‘black odyssey’ takes Homer on an epically sexy trip to Harlem End-shutdown

This is not a prediction. But one day black odyssey (Classic Stage Company, until March 26) it should be staged on a Broadway stage in front of the kind of engaged audience this reviewer saw the show this weekend. The show feels like an irresistible hit on a small stage that would happily take up every inch of a larger one. Poignant, fierce, laugh-out-loud funny, beautifully lit (by Adam Honoré), designed (David Goldstein) and directed by Stevie Walker-Webb, in black odyssey playwright Marcus Gardley takes the The odysseyand recasts it as an “epic poem in four acts” about black history, pain, joy, resistance, love, and power.

Over a span of two and a half hours, we follow the journey of Ulysses Lincoln (Sean Boyce Johnson), who in 2017 tries to return home after serving in Afghanistan. He is torn with guilt over one particular murder he has carried out, in this case, unfortunately for him, the son of God Paw Sidin (Jimonn Cole).

The latter wants to make sure that Ulysses goes through every imaginable pain and hardship as he desperately tries to get back to his home in Harlem and his wife Nella (D. Woods): “He shot my son in the face, so I’m eating. Revenge is a food best served raw. Paw Sidin is also involved in a battle of wills and challenges with brother Deus (James T. Alfred), and so, as we initially see, this is a game of chess with terrifying consequences.

Just as the Greeks believed that we are flies when the gods mocked us, the characters in black odyssey they are well aware of the forces, be they gods, governments, or the forces of capitalism and white supremacy, that govern black lives that are beyond their control. The production weaves together mythology and black history, and features remarkably beautiful costumes designed by Kindall Almond that range from basic combat uniform to extravagant ’70s glamour.

Both in Ulysses’ quest to get home and atone for what he’s done, and in what’s happening in that home, Nella trying to raise her son Malachi (a neatly spiky, scruffy Marcus Gladney Jr.), we see that those Forces try their worst, as a mother does the best she can while hoping against hope for her husband to return to her. The show not only stays in the present day, but free-travels back to the Civil Rights Era, where we meet another family (Adrienne C. Moore, Lance Coadie Williams, Temidayo Amay) literally trying to stay afloat.

In their sea of ​​environmental catastrophe, Hurricane Katrina, they spy on other black history icons alive and engaged in their own battles for survival, including Emmett Till.

Time bends this way and that in black odyssey, which eventually led to the arrival of Harriett D. Foy’s Aunt Tee. We all need an Auntie Tee in our lives. Frankly, the world would be better run by Aunt Tee, a domineering diva, fiercely protective, free in her judgment and passionate in her loyalty and love, and she wears a pair of white boots. “God knows you could use a hot bath, a hot comb, and a hot oil treatment. You already gave up on yourself, didn’t you?” she tells Nella when she shows up at her house in Harlem to take care of her.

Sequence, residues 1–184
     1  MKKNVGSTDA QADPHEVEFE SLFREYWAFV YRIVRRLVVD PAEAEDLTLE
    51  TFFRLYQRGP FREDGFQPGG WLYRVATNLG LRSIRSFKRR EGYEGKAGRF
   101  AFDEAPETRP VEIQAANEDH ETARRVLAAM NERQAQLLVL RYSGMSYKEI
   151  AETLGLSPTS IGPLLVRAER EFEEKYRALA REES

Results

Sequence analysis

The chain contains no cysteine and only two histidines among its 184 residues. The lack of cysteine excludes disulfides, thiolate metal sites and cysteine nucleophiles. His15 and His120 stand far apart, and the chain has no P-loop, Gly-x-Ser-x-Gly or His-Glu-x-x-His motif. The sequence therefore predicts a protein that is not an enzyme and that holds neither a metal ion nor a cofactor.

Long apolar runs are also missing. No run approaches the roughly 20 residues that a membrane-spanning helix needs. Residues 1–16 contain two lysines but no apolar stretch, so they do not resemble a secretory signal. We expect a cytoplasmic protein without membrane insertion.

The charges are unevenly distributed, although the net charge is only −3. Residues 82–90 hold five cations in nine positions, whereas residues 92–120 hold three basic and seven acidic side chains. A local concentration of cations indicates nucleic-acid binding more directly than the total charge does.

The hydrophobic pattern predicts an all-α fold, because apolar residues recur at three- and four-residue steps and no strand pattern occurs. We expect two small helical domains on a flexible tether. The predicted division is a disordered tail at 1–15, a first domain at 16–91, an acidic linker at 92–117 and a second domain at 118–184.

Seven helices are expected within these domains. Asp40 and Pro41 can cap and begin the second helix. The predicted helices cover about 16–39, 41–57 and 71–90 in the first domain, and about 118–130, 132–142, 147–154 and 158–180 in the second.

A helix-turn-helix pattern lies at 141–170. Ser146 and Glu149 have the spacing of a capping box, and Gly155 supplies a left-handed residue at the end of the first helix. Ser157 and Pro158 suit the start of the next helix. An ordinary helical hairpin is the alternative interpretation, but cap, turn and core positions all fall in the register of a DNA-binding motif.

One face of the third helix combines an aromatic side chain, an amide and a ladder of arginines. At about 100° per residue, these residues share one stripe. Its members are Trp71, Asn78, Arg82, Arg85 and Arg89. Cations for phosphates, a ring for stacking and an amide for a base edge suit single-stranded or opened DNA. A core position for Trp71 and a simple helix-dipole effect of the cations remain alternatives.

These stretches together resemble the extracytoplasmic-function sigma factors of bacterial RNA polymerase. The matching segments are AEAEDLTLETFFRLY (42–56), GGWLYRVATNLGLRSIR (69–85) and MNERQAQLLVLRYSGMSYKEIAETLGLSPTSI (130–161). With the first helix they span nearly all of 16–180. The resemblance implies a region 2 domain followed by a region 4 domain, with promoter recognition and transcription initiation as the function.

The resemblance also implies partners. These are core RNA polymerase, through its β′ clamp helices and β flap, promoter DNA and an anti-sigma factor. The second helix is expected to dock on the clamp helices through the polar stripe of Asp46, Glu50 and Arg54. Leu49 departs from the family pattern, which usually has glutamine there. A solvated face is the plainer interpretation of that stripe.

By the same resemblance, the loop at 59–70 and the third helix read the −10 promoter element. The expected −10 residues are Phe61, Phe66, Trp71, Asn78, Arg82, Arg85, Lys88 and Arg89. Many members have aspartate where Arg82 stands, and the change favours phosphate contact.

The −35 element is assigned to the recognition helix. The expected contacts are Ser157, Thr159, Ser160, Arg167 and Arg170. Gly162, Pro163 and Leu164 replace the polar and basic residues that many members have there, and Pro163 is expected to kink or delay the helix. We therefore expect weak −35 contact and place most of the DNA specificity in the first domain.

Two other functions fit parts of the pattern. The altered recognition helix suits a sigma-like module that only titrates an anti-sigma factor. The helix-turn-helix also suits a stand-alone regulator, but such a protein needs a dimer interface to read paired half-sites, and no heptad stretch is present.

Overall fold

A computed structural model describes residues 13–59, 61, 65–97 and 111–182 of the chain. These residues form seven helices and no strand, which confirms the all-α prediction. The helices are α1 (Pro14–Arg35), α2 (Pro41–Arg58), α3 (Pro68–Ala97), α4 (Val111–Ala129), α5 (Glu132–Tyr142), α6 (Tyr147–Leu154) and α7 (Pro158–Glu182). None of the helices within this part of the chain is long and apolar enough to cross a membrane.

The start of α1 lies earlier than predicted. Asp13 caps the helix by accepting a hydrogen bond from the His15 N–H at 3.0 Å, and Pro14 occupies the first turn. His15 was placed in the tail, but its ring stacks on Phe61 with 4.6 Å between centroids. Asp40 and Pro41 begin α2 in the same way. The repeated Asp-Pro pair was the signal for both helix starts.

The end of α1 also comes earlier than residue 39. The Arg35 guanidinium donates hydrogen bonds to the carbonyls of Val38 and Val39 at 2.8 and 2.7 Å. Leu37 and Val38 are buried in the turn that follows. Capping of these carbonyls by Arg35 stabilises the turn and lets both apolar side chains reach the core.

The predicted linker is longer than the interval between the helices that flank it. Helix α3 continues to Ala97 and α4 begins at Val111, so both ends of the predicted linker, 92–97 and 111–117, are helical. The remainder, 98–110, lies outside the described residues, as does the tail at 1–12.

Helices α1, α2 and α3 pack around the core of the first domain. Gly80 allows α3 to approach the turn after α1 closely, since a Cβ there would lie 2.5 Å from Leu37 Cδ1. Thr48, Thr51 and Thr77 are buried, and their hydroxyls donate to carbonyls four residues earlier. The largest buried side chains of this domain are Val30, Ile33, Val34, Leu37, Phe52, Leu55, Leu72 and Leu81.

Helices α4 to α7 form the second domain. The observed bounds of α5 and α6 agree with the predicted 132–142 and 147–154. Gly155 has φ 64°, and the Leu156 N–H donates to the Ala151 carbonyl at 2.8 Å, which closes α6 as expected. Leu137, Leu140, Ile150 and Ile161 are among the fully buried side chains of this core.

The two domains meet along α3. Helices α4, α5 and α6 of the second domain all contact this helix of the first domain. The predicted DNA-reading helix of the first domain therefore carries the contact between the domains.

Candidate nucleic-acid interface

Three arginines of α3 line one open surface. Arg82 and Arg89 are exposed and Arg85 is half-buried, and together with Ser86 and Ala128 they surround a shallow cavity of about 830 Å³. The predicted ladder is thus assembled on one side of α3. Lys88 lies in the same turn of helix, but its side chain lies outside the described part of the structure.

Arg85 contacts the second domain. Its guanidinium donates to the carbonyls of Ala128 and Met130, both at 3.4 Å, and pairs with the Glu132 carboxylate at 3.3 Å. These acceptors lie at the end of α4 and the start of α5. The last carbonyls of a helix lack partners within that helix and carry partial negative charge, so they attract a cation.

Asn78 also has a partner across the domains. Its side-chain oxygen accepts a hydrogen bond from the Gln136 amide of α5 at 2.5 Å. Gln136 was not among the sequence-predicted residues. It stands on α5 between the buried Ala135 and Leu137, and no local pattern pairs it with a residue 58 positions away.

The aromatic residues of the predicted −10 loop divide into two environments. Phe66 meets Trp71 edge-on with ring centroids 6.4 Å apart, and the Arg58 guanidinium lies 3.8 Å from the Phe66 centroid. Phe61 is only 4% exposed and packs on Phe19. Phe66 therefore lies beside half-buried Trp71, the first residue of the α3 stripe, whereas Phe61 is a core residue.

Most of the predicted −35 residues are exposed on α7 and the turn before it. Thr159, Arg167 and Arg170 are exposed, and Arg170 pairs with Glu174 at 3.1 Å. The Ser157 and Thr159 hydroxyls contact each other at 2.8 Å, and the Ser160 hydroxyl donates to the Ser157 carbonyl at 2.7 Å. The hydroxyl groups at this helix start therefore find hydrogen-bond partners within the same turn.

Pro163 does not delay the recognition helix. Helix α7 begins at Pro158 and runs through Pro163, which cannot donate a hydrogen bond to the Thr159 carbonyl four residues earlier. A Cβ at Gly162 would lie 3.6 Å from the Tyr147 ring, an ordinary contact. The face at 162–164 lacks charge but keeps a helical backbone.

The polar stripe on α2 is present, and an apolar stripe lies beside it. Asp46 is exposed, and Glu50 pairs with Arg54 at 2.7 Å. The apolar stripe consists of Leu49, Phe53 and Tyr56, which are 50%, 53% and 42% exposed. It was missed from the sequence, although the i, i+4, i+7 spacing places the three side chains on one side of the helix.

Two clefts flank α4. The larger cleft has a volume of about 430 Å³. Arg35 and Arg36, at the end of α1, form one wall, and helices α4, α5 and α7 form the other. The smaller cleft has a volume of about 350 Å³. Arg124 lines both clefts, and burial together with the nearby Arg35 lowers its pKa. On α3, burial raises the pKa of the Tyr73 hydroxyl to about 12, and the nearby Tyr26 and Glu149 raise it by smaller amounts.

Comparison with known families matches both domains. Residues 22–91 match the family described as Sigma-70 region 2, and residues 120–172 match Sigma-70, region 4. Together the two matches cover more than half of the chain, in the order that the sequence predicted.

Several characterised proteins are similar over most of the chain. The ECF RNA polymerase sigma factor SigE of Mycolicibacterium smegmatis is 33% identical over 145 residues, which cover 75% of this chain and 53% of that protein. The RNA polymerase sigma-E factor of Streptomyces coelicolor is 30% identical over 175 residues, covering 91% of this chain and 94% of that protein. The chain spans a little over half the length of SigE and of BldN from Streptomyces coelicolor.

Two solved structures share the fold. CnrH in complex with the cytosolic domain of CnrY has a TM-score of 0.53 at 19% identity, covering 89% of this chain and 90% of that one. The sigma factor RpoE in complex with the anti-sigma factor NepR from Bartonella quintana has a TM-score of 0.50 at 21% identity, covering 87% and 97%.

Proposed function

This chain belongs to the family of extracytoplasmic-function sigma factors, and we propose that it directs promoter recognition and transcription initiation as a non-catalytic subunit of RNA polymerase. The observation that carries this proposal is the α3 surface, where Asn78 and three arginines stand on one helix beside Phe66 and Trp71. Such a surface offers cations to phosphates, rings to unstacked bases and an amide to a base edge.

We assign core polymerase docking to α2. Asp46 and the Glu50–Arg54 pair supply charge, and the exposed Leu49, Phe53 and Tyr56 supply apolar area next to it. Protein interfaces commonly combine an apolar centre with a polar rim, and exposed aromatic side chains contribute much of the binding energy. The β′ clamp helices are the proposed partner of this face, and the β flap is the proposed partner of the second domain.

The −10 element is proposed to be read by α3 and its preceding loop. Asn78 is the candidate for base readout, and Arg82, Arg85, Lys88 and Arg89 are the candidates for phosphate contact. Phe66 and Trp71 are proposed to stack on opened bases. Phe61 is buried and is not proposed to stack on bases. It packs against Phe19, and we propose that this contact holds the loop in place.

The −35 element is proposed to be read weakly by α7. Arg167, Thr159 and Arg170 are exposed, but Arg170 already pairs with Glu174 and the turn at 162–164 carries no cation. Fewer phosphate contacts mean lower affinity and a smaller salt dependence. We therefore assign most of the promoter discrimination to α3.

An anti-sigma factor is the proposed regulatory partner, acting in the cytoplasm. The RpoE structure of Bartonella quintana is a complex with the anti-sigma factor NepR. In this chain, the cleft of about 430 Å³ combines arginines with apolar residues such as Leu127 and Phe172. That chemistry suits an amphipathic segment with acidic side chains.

His summary of Malachai’s trespass money is: “He’s a teenager. This is the shit they do. i’ve been watching euphoria. You have to let him do stupid things like come home early and wear sagging pants that show his underwear and eat like we don’t feed him and paint his hair all kinds of colors and look at girls like he’s possessed and play that Xbox every night. hours. at night and he walks with his head down and drags his feet and smells like eggs.”

The story, like time in the play, blithely wobbles back and forth, and you might find yourself feeling a bit confused as the (a bit too long) show progresses; characters and stories from Homer’s original are either reused or scrapped entirely. The outrageous characters inevitably have much more fun than Ulysses (whose only personal lapse is the discovery that he can dance) and the long-suffering Nella.

Foy relishes every majestic line that slips through the scene he’s given. Moore also gleefully dominates the stage as she transforms into a voracious Circe, eager to seduce a lost and understandably hungry Ulysses as she mouths a poem of edible, unctuous lust: “Scent of mint, of toffee, freshly brewed coffee/ Mouth waters like drops of ice in a crystal glass / Watery eyes from steaming veggies, hot potato and mashed corn / When the beans turn an ‘eat me green’ / Margarine melts into a golden shimmer / And if you listen… you can hear guts growling…”

Alfred plays it straight and loud as Deus, before, in orange flares and platform boots, taking the stage as Super Fly Tireseas, the shagadelic prophet. Diana Ross, Tina Turner and James Brown make their presence known. There are other surprising pieces; The one that excited our audience the most occurs when Nella is about to make Paw Sidin’s evil ambitions come true, as now in disguise, she tries to make him say that she loves him and not Ulysses. “Don’t do it girl!” came a shout from the front row.

The show’s culmination brings us to the present, the end of Ulysses’ odyssey and the quieter final displays of atonement, redemption, and family. black odyssey It doesn’t sugarcoat, but emphasizes that beyond simply surviving oppression and attack are the consolidating forces of love, strength, and power.

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